The well-known GAPS diet is consistently famous for healing ADHD, autism, depression and bipolar disorder along with many other illnesses but for a teenager it heals emotional outbursts, defiant behavior and acne as well. The problem is getting your teenager to eat GAPS, Gut and Psychology Syndrome by Dr. Natasha Campbell-McBride, MD, neurologist and neurosurgeon, is no easy accomplishment, especially if it’s new for him.
There is hope. There are things you can do. There is a path you can take, even if your child is most stubborn and firm in their food choices.
GAPS starts with healing meat stocks and bone stocks introduced through cups of stock or soups filled with lots of good fats from animals as well as meats and vegetables.
“But my teenager won’t eat soup. He just wont,” is true for a lot of teens. There are options. There are choices. There is a solution that can help. The optimal situation would be for your child to do GAPS start to finish. In reality when we are dealing with a child who has a mind of his own, leaves for school where he can swap lunches or eat from a vending machine or runs off to his friend’s house where they mow on Oreo Cookies, a situation can be created where success is achieved while you live in the real world.
The older a child is the harder it is to do GAPS. That’s just a fact. That doesn’t mean it can’t be done. It also doesn’t mean you need to throw in the towel and quit.
If you have a child who could benefit from GAPS, I encourage you to start as young as you possibly can, especially if they are a baby. The younger they are the faster they heal. Plus the younger they are the more ability you have with their food selections. For those of us with older children where the choices are limited, follow these steps for success.
You will only achieve success with real food, eliminating packaged foods it absolutely vital. Real food is food in the form God made it or grew it. Teenagers have amazing skills with this task. They love having control and power. If you buy them real food and tell them they are cooking dinner they will rise to the occasion, especially if you tell them you want to switch your eating habits for your health but you, the parent, doesn’t know what to do with real food. Tell them flat out, “I am not sure how to cook this stuff! I have so much to learn. Will you help me?” Give them leadership, give them encouragement, give them power, give them the control they’ve always wanted.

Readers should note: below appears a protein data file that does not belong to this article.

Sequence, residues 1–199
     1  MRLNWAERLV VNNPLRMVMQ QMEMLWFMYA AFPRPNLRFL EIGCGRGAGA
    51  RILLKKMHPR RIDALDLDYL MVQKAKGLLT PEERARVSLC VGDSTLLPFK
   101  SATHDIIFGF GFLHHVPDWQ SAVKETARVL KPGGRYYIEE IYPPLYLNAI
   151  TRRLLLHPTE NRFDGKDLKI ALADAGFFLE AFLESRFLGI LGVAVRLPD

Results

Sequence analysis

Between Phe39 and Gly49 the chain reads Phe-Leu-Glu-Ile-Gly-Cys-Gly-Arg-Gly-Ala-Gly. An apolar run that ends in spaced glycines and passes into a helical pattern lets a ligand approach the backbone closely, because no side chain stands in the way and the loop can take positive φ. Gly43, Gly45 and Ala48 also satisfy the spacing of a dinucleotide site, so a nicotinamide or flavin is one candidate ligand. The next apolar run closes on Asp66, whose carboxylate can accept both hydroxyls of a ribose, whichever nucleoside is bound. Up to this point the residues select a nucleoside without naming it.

Eating real food, nutrient dense foods, that do not feed bad bacteria in the gut will make a huge difference. Dr. Natasha Campbell-Mcbride describes the problem as overgrowth of bad bacteria in the gut. Certain foods feed this bad bacteria making behavior even worse. Other foods feed good bacteria which will fight the bad bacteria. It is vital to eat nutrient dense foods to feed the good bacteria but also to remove cravings for inappropriate damaging foods like sweets and flour laden foods.
Keeping intake of animal fats high will make the biggest reward in behavior. This is true for all ages but especially for young teenagers when their bodies are needing nourishment as they change into an adult. Good animal fats would include grass-fed butter, virgin organic coconut oil, olive oil and home rendered tallow or lard. Teenagers are often always hungry. This is because their bodies are growing at rapid stages. The traditional American diet is weak on the nutrients their growing bodies need. When you switch to the nutrient dense foods linked above they will fell full and satisfied on a normal meal.
My teenager left for a weekend school event, came home and said, “Mom, they served hamburgers and I kept eating them but never felt full. After my fourth hamburger I stopped because I knew it was too much and shouldn’t keep eating but I still wasn’t full. At home I can only eat one of ours and sometimes I have to push that.”
From the nutrient dense food list above allow them to eat what they want.
French fries are a fantastic way to increase the intake of healthy fats – however using potato for the fries in not beneficial. Both white potato and sweet potato are high starch foods that feed bad bacteria in the gut. In an effort to utilize a suitable substitute, choose organic rutabaga. Most squash varieties work well, especially butternut squash.